Of Special Interest


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13th May 2011

Visa - ditching the card for the phone?

Visa Inc. issued an important, radical and surprisingly open media release regarding its future plans including a redefinition of its business, some of the future payment products planned and how it categorises markets globally.

Visa left nobody in doubt that its focus is as a payments business and that this "will replicate the ease, reliability and security of Visa point-of-sale payments within traditional and digital eCommerce, mobile commerce and burgeoning social networking commerce environments. New offerings are expected to include a secure cross-channel digital wallet and a range of customized mobile payments services that address the specific requirements of geographic markets around the world".

The company went on to make two points putting some previous announcements and decisions into conetext. First that it was committed to "build, buy and partner" in order to be able to deliver speed to market and scalable products in the fast changing markets. Secondly it believed that convergence was here and was backing this belief with its whole future strategy, some of which is detailed below. In fact, its method of dividing the world into different markets is based upon the number of converging factors existing in that region.

The US and Western Europe are considered 'complex economies' defined as "with established electronic payments infrastructures, expansive Internet usage and broad mobile network penetration". For this market Visa has announced the Digital Wallet. This will store Visa and non-Visa payments accounts, support NFC payments through the innovative Visa payWave application and deliver a wide range of transaction services to accommodate multiple commerce scenarios—including eCommerce, mobile commerce, micropayments, social networks and person-to-person payments".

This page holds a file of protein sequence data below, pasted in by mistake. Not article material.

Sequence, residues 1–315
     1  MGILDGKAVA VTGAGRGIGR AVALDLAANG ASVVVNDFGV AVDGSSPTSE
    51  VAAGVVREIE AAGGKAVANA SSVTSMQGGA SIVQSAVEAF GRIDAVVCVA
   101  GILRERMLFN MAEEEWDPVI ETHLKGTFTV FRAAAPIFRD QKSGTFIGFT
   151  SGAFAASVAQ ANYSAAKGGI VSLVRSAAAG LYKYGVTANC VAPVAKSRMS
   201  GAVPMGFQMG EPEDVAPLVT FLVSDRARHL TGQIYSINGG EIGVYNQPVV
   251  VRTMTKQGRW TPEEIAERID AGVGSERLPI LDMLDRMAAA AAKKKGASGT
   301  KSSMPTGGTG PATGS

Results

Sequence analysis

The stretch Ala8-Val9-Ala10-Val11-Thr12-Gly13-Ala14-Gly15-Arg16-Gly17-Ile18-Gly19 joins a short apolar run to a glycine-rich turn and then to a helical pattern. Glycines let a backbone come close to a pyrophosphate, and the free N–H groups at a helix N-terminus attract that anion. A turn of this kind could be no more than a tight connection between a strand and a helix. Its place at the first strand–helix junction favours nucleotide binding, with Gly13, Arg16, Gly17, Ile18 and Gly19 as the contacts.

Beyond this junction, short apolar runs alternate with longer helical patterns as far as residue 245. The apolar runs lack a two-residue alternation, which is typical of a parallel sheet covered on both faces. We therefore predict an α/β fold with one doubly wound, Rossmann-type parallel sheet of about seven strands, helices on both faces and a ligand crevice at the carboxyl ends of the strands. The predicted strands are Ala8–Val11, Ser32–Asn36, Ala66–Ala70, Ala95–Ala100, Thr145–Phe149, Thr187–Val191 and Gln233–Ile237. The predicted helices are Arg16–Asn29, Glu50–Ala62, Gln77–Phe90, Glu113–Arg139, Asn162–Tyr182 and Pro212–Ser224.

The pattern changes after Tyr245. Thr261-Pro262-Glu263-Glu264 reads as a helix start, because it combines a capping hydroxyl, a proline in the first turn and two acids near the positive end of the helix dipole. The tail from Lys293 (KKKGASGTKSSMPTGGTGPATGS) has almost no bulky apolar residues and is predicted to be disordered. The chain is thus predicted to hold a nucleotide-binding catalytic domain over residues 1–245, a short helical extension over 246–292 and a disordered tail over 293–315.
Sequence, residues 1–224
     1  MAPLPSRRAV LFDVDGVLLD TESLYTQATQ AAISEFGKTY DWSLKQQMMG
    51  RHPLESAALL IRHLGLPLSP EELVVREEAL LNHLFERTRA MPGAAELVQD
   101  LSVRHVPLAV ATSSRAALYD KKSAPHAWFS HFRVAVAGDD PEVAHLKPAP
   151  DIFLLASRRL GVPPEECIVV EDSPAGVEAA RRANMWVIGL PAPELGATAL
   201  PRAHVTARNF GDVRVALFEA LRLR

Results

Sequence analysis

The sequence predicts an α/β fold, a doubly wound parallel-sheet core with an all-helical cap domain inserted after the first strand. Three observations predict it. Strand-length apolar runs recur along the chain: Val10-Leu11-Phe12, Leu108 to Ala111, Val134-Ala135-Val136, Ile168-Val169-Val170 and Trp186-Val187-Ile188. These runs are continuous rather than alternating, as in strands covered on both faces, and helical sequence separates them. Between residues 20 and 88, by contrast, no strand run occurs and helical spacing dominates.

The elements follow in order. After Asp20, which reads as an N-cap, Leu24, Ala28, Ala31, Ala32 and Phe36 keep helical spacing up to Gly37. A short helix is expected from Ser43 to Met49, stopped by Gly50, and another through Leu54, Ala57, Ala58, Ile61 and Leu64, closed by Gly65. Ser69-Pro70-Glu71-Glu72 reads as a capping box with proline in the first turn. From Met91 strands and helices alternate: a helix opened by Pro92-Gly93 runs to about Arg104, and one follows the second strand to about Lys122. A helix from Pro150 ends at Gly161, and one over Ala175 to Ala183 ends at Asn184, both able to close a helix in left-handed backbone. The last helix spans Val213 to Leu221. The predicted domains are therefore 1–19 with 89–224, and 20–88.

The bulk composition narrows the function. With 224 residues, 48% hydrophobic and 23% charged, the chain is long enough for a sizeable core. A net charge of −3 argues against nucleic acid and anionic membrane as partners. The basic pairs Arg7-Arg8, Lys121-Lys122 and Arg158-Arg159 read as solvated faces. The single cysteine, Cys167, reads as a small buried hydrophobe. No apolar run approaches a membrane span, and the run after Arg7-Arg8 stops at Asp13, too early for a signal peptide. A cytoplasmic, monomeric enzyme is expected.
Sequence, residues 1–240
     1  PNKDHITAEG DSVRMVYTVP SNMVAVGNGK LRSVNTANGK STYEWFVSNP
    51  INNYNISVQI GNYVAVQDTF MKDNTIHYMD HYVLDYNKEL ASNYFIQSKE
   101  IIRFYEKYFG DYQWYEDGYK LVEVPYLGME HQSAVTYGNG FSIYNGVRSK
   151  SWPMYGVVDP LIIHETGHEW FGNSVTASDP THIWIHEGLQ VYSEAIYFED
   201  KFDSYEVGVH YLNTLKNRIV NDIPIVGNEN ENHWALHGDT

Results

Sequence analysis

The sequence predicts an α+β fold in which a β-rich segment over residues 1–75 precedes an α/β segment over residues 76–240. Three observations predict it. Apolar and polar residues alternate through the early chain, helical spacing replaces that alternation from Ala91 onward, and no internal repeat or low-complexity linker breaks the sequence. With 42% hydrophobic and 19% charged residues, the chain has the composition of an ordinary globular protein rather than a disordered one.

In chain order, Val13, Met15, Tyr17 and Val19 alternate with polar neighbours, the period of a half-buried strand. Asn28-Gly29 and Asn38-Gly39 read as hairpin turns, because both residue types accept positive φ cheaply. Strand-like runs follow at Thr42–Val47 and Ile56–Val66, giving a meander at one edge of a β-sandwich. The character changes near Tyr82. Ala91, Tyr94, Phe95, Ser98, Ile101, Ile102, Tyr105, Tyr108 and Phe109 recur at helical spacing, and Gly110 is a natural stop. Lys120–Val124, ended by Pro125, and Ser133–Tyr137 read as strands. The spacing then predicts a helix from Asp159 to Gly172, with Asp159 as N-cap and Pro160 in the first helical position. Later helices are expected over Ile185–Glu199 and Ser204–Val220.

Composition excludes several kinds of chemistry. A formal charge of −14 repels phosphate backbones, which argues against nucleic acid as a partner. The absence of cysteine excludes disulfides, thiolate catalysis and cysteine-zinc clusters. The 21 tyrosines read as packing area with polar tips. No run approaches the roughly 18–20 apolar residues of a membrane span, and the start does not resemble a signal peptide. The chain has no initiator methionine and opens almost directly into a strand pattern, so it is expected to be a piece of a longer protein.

More specifically the features of the wallet are listed as:

- Click-to-buy: Shop conveniently and securely by simply entering an email address, alias or online ID and password, instead of a billing address, account number and expiration date. In addition, Visa is exploring dynamic authentication technologies that will bring added layers of security to online purchases.

- Cross-channel payments solution: The wallet consolidates multiple Visa and non-Visa payments accounts and can be used in mobile, eCommerce, social network and retail point-of-sale environments.
Preference management: A menu that enables consumers to set preferences for how their wallet will work, allowing them to customize and control the features of their personal wallet from privacy settings to designating which account will be accessed based on merchant type or purchase amount.

Merchant offers: A service that allows consumers to personalize their shopping experience by opting-in to receive money-saving discounts or promotions from participating merchants.

The wallet is to be available in the US in autumn of this year. The list of banks the wallet is under development with is interesting. Whilst important banks in the US the participants are by no means the largest banks or credit card issuers. The list is:
Barclaycard US
BB&T Corporation
Card Services for Credit Unions (CSCU)
ICBA Bancard
First Financial Bank of Ohio
Nordstrom fsb
Pentagon Federal Credit Union
PNC Bank
PSCU Financial Services
Regions Bank
Royal Bank of Canada
TD Bank Group (US and Canada)
US Bank

For other regions of the world Visa presented two major scenarios. First where there is mobile penetration but little in the way of banking and card penetration. Here Visa plans to work with mobile networks and financial institutions. The idea is "to link new virtual mobile prepaid Visa accounts to mobile phone numbers to enable cash-in, cash-out, personal payments and mobile payments --including bill payments and wireless airtime top-up. Visa also intends to connect existing "closed loop" mobile money services that today provide basic mobile banking and payments services to unbanked and under-banked consumers to its global, open loop network--VisaNet. The integration will open closed loop systems, and provide consumers and merchants with unprecedented scale, functionality and acceptance beyond their existing local geographic footprints."

The other scenario mentioned is where there is some banking and card penetration however usage is low. India and Russia are given as examples. Here, Visa states that it will help drive account activation and usage by working with financial institutions and mobile operators to link existing card portfolios with mobile devices to give handsets payments functionality.

One of the many issues the announcement raises is what will happen to PayPal? One scenario could be that MasterCard may buy them to try and catch up some the ever-widening gap between the two old rivals.